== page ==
Is it worth playing $1 Blackjack at Downtown Grand and Oyo?

Table games at Downtown GrandExciting table games available at Downtown Grand.

I recently discovered that Downtown Grand and Oyo are the only remaining Las Vegas casinos that still offer live $1 blackjack. However, there is a slight catch – in these games, blackjack only pays even money. This means that players won't receive the usual 3:2 payout for getting a natural blackjack. As a result, the house edge for these tables is around 2.9%, making them one of the least favorable blackjack options in Las Vegas. Interestingly, both of these casinos also provide low limit 3:2 blackjack just a few steps away from the $1 table. So, players have the option to choose between the convenience of the $1 game or the better odds offered by the low limit 3:2 tables. Ultimately, there are advantages and disadvantages to playing either game, and it's up to the individual player to decide which option suits them best.

Securing a spot in the $1 blackjack games poses quite a challenge. The primary hurdle lies in the limited availability of these tables at both casinos. Downtown Grand occasionally resolves this issue by adding a second table. Nevertheless, if you manage to snag a seat at one of these coveted tables, your anticipated losses may not be as dire as initially anticipated.

Exciting blackjack games offered at Downtown Grand's lively casino.

Downtown Grand pit

At Downtown Grand, when the pit is open, you can always find a $5 3:2 blackjack game in addition to the $1 table. The hours of operation are Monday through Thursday from 11am to 3am, and from 11am on Friday to 3am on Monday, the game runs 24 hours.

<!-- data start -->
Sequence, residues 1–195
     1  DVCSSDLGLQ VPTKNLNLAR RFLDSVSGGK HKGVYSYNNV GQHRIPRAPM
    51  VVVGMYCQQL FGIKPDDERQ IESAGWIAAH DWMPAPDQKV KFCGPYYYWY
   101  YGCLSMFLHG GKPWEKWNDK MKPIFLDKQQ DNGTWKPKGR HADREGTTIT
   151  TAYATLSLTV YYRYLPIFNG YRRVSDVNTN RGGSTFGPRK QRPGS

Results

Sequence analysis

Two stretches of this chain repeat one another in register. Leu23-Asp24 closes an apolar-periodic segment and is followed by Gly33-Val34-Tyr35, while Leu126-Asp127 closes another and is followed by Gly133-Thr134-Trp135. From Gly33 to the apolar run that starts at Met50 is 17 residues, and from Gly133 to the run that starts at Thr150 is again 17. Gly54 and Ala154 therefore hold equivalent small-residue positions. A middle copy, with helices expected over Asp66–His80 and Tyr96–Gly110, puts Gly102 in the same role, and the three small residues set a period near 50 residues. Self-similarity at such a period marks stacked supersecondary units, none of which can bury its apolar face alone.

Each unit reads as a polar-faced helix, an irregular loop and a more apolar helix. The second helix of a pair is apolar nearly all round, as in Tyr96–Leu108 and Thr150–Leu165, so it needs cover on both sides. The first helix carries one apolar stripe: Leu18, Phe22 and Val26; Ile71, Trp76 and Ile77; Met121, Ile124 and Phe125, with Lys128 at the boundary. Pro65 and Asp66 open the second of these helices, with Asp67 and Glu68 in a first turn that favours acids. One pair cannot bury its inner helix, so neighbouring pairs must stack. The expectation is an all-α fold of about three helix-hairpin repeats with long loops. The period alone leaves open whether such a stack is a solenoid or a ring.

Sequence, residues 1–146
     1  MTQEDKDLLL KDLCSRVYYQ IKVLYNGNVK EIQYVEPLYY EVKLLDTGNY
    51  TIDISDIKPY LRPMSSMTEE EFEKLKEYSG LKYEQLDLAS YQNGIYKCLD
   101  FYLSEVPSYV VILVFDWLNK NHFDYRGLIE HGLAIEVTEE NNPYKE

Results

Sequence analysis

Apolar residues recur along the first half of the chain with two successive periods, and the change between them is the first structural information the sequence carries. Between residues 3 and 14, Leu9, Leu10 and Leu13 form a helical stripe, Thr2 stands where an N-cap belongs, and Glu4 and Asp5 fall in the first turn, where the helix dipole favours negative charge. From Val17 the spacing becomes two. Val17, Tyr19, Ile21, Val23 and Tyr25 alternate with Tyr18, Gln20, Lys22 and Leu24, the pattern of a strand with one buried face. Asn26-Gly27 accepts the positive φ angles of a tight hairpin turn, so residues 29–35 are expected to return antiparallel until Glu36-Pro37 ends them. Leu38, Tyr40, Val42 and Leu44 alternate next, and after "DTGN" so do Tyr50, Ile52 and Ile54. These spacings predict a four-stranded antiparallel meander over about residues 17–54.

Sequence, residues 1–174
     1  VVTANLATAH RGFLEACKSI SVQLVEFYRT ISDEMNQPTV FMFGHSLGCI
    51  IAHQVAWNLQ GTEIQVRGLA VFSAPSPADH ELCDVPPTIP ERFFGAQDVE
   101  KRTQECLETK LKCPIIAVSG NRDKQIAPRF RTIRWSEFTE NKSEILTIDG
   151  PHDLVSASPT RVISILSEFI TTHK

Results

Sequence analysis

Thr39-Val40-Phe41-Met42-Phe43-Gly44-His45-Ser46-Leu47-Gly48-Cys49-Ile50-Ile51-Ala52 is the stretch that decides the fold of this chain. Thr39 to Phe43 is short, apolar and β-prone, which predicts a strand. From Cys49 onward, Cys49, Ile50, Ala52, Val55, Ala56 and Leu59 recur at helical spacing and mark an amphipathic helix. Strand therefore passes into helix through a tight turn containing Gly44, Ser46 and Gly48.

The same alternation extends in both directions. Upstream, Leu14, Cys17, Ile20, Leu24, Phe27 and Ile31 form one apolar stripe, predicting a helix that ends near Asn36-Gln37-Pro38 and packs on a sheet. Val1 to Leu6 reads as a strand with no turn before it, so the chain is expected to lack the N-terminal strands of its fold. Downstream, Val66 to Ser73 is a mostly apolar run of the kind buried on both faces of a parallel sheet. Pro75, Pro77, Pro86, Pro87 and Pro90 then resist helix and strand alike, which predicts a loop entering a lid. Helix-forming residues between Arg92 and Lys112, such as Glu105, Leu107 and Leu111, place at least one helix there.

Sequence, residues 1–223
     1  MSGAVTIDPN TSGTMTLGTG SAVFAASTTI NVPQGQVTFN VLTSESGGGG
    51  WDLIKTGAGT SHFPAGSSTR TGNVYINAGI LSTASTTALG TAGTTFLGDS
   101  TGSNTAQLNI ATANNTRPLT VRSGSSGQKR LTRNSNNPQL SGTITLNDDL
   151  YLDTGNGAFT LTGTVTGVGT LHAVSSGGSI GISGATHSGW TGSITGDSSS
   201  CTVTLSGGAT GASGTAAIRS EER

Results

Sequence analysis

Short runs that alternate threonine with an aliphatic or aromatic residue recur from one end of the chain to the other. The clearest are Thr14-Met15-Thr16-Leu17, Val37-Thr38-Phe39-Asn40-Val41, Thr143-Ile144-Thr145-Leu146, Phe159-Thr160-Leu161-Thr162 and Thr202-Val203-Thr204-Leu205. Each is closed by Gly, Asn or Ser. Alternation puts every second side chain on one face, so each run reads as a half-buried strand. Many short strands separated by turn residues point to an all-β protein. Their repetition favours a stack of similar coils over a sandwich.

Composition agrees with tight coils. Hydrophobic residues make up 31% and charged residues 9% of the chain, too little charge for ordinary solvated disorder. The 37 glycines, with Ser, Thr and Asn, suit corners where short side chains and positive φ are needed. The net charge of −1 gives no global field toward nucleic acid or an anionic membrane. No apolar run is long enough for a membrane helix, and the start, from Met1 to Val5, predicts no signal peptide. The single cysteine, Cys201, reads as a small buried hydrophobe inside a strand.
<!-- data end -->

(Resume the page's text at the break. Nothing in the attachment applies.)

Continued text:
According to the blackjack calculator developed by the Wizard of Odds, the house edge for this particular $5 3:2 blackjack game stands at 0.46%. To enhance the gameplay experience, a continuous shuffling machine is employed, ensuring a fair and random distribution of cards. In addition to that, the rules allow for the option of hitting soft 17 and the opportunity to double down both before and after splitting. Furthermore, players have the advantage of surrendering and re-splitting aces, adding an extra layer of strategic decision-making to the game. The combination of these features contributes to a thrilling and potentially rewarding blackjack experience.

At the minimum bet of $5, a player would hypothetically lose approximately $0.023 per hand. On the other hand, at the $1 table, the theoretical loss per hand at the minimum is around $0.029. If a $1 player enters the game with a $20 buy-in, it would take approximately 700 hands for them to theoretically go bust. Conversely, for the $5 player with the same $20 buy-in, it would take roughly 870 hands to bust them.

The swings in the $1 game are less volatile, which means that a $1 player could potentially last hundreds of hands longer than a $5 player. On the other hand, the swings in the $5 game are much higher, and it is likely that the $20 will be busted well before it reaches the theoretical.